It is no secret that in times of online marketing and advertising, our digital footprints are under constant surveillance. From everything we click, shop or search online, the data is collected by third party cookies, saved, correlated and analysed for user behaviour.
Even behemoths like Google, Facebook and Instagram thrive from this data-driven model. In such changing times, it is the duty of governments — elected directly or indirectly — to secure civil liberties of its citizens and to also ensure the safety of its netizens.
But when the same guardian behaves like the Big Brother, starts monitoring every move of its citizens through surveillance, and deploys sophisticated algorithms to rank its 1.3bn citizens on a scale of ‘trustworthiness’, you then call it China’s social credit policy 2020.
The authoritarian regime in China is an open secret. But this ‘trustworthy-ness’ policy which aims to reward citizens with good score and punish those with bad score, is shockingly scary.
Just when you thought the Communist regime is content with video surveillance of its citizens, this new policy, once it rolls out in 2020, will monitor every interaction of citizens online and how they behave on social media, and eventually use this data to form part of a scoring system.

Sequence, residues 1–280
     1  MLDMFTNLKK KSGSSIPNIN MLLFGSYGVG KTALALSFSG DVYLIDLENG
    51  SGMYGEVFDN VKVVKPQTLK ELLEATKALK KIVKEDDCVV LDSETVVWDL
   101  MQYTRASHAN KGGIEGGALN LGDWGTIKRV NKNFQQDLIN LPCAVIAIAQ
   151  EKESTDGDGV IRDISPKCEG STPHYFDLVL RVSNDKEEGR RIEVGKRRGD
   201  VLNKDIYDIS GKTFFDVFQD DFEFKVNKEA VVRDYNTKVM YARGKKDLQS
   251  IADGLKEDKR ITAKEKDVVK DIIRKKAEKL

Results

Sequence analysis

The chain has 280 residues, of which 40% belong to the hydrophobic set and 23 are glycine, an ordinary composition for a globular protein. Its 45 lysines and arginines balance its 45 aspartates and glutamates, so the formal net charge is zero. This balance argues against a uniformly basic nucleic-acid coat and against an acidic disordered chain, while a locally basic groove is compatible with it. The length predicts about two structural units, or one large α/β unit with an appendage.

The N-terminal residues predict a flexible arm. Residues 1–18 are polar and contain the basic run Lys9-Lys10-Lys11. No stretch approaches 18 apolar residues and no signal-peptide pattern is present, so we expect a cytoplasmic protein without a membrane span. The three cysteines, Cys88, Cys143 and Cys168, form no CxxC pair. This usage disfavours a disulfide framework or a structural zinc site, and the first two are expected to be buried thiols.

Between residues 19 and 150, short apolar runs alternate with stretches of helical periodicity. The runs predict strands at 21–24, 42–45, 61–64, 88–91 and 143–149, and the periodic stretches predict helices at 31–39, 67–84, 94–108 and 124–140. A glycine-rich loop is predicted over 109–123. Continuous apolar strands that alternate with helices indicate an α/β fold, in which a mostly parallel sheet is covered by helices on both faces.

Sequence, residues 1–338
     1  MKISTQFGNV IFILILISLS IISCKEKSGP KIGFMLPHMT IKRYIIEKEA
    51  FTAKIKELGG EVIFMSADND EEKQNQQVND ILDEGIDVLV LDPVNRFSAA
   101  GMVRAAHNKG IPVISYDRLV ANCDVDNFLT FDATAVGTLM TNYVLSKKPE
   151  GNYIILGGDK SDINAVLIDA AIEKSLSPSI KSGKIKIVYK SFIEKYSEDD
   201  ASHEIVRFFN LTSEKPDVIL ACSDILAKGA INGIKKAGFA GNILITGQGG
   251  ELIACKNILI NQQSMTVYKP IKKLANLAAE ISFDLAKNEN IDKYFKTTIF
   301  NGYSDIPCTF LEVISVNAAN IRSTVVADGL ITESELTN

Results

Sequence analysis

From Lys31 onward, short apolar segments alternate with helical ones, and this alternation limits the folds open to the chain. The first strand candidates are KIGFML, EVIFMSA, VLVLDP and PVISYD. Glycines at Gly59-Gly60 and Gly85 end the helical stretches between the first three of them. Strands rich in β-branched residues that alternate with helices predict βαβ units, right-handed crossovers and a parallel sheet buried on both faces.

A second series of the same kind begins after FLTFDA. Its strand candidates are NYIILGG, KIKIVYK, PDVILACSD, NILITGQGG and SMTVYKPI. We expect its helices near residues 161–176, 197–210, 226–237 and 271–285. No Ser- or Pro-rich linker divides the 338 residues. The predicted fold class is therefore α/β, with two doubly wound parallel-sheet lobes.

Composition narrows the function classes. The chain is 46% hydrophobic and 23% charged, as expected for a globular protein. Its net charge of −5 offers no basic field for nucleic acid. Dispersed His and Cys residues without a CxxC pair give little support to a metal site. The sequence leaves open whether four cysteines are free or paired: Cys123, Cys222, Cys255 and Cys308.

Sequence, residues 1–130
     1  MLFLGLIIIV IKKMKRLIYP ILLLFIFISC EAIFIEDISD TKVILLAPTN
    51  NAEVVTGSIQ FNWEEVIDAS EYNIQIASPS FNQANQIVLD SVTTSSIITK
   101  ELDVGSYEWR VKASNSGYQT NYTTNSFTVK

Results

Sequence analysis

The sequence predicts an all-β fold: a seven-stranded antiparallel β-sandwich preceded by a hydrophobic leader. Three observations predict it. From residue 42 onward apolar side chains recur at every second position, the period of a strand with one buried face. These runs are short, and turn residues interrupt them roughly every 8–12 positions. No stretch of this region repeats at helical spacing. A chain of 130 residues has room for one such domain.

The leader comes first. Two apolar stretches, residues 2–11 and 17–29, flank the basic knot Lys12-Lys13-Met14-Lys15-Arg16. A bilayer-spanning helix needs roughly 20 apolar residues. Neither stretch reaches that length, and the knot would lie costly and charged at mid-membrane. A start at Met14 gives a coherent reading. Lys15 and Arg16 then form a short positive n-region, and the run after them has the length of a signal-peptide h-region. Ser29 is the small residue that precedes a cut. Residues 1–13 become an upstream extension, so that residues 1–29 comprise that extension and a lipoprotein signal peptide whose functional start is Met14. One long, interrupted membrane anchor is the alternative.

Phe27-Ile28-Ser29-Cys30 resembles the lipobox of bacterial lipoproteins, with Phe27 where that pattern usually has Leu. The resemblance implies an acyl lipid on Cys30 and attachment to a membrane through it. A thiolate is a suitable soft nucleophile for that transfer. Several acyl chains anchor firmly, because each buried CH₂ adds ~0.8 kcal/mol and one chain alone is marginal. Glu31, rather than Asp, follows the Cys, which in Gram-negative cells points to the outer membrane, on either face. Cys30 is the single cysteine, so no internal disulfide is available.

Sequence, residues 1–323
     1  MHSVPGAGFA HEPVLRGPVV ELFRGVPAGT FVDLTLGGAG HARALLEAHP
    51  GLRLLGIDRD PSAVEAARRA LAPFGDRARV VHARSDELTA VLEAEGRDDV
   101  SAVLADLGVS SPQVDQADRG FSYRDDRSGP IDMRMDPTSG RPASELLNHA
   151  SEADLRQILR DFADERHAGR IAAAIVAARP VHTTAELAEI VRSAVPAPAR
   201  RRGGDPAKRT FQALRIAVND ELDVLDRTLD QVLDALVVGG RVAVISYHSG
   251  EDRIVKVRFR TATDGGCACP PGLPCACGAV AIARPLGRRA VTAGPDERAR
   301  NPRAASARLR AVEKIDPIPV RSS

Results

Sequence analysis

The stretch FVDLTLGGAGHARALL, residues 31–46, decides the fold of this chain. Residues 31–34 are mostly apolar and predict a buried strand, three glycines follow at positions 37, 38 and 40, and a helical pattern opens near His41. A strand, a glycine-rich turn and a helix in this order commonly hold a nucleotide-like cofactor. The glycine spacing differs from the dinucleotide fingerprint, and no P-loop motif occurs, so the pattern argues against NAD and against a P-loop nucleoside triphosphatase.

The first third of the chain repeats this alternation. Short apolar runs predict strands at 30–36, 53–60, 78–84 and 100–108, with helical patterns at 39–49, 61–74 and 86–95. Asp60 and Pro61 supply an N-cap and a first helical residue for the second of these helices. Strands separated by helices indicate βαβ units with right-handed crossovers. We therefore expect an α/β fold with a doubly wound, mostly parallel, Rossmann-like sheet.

This ‘Citizen Score’ will be used to tell everyone how trustworthy a citizen is. This rating would also be made public and could, in future, determine the eligibility of a citizen to get a loan, apply for a job, or even get a date.
What has prompted the government to adopt this carrot-and-stick policy is understood to be the sweeping cases of corruption, which is reportedly affecting the profit of businesses and economic growth. By utilizing modern tools of big data, China’s authoritarian leaders is hoping to solve this trust deficit.
Unfortunately, the case has ‘surveillance’ written all over it and I can only hope that the Communist Party of China is successful in bringing about a sincere culture across the society by unleashing the Big Brother in their private spaces. How this interplay between power and freedom plays out, is yet to be seen.